The first claim advanced by the Council was unsuccessful. In determining whether the report constituted a negligent misstatement in tort, the Court considered whether there was an assumption of responsibility by RealSure and whether Rastros’ reliance on the misstatement was reasonable. In this case, the building report contained a disclaimer clause which clearly excluded third party liability. Also, RealSure had no knowledge of Mrs Astridge’s intention to nominate. They could not be aware of the existence of Rastros, which had not been incorporated at the time of preparing the report. As to the issue of reliance, the Court held that Rastros could not rely on the report. It was a contract between Mrs Astridge and RealSure alone.

There was no tenable claim against Mr Higgins either. If Rastros could not rely on the report as against RealSure, it could not do so against Mr Higgins.

Did the report constitute misleading and deceptive conduct?

The test for determining whether there is misleading and deceptive conduct is established in the Supreme Court decision Red Eagle Incorporation v Ellis [1]: ‘whether a reasonable person in the claimant’s situation – that is, with the characteristics known to the defendant or of which the defendant ought to have been aware – would likely have been misled or deceived.’ In this case, the Court held that there was no misleading or deceptive conduct. Although the Act makes it difficult to contract out of liability, the Court found that it would be unjust if the disclaimer clause contained in the report was not considered. The disclaimer clause specifically stated that third parties could not rely on the report. Furthermore, the report specifically excluded responsibility for reporting on weathertightness. The terms provided that if this was required, a specialist report must be commissioned. The Court held that a reasonable person in Rastros’ position would be aware of the limits defined in the terms and conditions of the report. They could not be misled that it gave them enforceable assurances as to the weathertightness of the building. In fact, they were not entitled to rely on the report at all.


The Court further held that if the Fair Trading Act claim against RealSure was to be struck out, it must be against Mr Higgins also. The Council did not contend that Mr Higgins had made any representation apart from the report. Further, there was no clear indication that the report was intended to be read from Mr Higgins personally.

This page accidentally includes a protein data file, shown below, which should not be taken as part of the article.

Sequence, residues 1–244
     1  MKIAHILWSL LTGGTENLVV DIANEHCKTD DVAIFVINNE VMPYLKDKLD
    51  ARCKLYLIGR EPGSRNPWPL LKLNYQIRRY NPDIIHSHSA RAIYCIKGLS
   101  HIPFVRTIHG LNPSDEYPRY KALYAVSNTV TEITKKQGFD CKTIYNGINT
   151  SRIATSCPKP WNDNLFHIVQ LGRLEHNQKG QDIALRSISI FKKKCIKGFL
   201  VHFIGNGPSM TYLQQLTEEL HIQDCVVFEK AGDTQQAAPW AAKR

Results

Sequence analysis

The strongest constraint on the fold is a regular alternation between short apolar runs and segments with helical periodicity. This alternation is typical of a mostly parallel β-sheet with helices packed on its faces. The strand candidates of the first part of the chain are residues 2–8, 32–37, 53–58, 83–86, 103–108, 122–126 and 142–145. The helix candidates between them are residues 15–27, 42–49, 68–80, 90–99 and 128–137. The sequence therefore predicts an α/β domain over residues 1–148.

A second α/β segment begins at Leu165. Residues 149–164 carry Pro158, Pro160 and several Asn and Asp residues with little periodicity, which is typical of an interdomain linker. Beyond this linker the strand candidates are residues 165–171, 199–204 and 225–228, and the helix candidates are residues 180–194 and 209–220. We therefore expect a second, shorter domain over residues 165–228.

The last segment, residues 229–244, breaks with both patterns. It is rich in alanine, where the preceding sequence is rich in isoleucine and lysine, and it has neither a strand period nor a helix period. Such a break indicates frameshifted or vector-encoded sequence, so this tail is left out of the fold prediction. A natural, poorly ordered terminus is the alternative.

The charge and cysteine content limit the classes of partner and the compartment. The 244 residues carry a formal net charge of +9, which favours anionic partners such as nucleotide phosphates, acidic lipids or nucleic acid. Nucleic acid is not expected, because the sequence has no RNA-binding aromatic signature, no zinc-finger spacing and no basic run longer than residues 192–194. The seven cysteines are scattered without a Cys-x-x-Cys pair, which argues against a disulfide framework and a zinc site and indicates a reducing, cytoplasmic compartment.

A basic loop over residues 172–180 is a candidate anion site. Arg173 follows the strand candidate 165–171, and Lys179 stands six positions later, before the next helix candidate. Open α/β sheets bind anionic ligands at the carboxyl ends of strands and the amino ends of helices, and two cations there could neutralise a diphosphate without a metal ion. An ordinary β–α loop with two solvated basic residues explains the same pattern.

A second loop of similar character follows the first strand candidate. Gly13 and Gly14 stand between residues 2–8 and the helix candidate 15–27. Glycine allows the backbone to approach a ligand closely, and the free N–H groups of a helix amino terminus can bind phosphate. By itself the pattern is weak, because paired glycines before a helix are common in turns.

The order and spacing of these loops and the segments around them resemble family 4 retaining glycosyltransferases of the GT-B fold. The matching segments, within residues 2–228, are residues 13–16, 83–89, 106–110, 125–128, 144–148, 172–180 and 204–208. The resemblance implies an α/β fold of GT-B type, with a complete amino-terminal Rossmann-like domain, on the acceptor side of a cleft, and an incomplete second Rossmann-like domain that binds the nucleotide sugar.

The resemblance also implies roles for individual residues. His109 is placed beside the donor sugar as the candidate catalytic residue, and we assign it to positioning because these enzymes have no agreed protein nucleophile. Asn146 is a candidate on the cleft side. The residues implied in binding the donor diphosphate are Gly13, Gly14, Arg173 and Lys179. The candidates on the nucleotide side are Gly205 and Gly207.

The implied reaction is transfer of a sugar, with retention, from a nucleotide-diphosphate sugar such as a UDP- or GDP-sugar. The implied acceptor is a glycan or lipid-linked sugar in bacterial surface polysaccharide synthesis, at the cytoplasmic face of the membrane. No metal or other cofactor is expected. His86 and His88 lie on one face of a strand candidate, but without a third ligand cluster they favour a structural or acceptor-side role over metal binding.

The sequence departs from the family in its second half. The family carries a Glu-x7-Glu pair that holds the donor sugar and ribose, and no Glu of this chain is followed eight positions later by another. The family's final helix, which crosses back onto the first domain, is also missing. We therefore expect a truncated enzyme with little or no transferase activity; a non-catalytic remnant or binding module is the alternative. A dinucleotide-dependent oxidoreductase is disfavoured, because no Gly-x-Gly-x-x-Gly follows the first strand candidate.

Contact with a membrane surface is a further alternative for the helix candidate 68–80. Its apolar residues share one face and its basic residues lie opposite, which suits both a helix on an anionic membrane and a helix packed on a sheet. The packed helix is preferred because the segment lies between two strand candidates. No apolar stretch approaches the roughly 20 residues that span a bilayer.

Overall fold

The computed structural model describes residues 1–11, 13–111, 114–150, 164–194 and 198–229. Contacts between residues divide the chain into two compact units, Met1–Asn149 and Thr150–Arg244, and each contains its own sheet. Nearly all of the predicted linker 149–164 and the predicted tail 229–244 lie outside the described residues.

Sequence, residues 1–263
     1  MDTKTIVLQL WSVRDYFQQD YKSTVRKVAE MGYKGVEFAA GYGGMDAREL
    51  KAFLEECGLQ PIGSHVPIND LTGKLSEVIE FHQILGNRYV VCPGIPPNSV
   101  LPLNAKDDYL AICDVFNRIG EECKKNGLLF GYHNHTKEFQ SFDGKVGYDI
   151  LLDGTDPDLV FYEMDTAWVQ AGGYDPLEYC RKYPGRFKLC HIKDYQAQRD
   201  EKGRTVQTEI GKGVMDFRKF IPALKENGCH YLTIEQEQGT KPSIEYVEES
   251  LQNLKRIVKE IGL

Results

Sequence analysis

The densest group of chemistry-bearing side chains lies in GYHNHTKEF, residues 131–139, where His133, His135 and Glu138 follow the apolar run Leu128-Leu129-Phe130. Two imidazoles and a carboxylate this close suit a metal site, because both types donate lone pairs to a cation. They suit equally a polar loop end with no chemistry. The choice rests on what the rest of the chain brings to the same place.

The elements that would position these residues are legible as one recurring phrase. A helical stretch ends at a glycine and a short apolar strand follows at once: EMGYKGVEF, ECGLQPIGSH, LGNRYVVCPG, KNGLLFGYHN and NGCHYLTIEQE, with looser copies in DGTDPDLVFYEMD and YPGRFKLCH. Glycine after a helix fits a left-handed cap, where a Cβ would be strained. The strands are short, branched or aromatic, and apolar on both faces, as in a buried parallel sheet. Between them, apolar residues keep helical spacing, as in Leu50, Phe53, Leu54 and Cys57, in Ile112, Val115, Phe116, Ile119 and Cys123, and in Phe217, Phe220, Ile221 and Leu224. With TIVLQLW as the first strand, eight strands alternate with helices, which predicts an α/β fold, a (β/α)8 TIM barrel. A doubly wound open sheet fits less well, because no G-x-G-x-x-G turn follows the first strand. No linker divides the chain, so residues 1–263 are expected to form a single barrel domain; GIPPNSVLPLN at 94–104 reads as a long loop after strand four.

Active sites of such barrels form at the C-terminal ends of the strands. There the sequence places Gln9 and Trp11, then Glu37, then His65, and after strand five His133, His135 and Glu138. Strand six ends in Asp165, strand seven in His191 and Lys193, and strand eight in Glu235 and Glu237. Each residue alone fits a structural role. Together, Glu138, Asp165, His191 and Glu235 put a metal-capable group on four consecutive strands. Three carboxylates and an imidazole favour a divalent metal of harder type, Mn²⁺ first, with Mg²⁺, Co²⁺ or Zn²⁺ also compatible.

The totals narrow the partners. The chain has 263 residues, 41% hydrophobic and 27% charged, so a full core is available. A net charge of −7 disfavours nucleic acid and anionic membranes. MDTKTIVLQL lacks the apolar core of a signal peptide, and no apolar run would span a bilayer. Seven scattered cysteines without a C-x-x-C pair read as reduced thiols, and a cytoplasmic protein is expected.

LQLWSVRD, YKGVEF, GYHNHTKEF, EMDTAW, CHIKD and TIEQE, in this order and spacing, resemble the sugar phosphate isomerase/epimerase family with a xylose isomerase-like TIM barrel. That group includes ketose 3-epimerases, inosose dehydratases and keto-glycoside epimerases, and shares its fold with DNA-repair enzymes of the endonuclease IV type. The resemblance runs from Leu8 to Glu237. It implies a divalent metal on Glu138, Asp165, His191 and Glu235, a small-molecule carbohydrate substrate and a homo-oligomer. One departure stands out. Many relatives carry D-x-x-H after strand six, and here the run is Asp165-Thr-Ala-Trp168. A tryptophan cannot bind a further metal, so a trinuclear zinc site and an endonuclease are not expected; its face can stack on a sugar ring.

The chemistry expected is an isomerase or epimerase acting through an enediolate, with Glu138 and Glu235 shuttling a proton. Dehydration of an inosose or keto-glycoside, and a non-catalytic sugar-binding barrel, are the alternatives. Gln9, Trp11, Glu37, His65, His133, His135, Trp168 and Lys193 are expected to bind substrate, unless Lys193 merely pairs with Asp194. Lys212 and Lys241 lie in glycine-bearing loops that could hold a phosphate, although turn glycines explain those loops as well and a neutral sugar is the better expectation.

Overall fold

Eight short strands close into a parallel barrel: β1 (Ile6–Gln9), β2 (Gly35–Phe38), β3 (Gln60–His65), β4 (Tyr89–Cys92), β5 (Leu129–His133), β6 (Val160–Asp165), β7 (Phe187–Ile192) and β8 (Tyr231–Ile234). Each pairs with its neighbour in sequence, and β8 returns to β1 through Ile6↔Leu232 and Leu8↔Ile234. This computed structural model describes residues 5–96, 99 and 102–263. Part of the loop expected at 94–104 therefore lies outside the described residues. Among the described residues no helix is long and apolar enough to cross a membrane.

Lessons learnt

This case highlights some key issues that should be considered when purchasing a building report, particularly where a potential purchaser intends to nominate to a third party. We suggest that if the purchaser intends to nominate to a known third party, negotiations should be had with the building inspector to amend the report so that it is addressed to the nominee as well as the purchaser, or a separate report addressed to the nominee should be requested. Likewise, if the purchaser intends to nominate to a third party not yet in existence, the purchaser should advise the building inspector, and request a separate report for the nominee once that entity is in existence.

We also think it would be prudent to ensure that your legal adviser considers the terms and conditions of the report before purchasing an inspection. Negotiations may be able to be had to increase the building inspector’s responsibility. Furthermore, if the building has characteristics which raise concerns as to weathertightness, or if a ‘standard’ building report highlights issues which raise alarm bells (such as high moisture readings), it would be wise to ask your inspector to conduct a ‘special’ inspection.

Contact the property team to find out how we can help you to protect your interests at every step of the buying process.

This article was authored by Brittany Amos, Solicitor in our Auckland office.

[1] [2010] NZSC 20 at [44]